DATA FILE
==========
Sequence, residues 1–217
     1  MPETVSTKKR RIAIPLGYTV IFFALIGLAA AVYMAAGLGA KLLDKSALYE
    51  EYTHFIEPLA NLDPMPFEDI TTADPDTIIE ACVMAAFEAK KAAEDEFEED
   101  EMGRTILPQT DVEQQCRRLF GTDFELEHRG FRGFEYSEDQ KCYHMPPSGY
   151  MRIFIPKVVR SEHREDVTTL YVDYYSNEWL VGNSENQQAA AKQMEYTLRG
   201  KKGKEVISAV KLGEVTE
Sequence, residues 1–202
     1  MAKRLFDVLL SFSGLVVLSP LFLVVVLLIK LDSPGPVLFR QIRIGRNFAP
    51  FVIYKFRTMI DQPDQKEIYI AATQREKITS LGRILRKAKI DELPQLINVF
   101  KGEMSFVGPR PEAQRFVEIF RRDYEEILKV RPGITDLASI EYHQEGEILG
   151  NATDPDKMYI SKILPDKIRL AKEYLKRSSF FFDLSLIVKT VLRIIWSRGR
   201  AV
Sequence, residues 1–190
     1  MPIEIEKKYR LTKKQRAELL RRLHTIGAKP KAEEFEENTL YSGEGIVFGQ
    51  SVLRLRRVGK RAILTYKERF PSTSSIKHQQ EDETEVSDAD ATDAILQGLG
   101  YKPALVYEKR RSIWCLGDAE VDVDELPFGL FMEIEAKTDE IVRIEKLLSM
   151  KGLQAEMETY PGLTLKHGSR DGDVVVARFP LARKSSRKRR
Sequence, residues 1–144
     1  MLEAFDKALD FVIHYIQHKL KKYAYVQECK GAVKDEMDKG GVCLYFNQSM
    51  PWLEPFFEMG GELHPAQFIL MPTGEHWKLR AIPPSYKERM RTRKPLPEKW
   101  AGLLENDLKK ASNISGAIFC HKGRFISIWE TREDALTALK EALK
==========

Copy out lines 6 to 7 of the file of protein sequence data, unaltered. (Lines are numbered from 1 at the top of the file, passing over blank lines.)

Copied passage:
   201  KKGKEVISAV KLGEVTE
Sequence, residues 1–202